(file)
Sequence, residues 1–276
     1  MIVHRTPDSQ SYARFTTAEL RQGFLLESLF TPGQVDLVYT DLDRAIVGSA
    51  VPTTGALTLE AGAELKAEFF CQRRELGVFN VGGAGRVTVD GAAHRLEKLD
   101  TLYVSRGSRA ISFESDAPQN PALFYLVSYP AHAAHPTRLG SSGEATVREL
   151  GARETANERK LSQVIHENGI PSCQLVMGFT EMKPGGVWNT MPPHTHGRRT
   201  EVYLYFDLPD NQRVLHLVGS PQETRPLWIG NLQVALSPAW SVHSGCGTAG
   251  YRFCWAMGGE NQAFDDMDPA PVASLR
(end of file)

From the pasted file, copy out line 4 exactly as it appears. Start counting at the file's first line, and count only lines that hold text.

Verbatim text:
   101  TLYVSRGSRA ISFESDAPQN PALFYLVSYP AHAAHPTRLG SSGEATVREL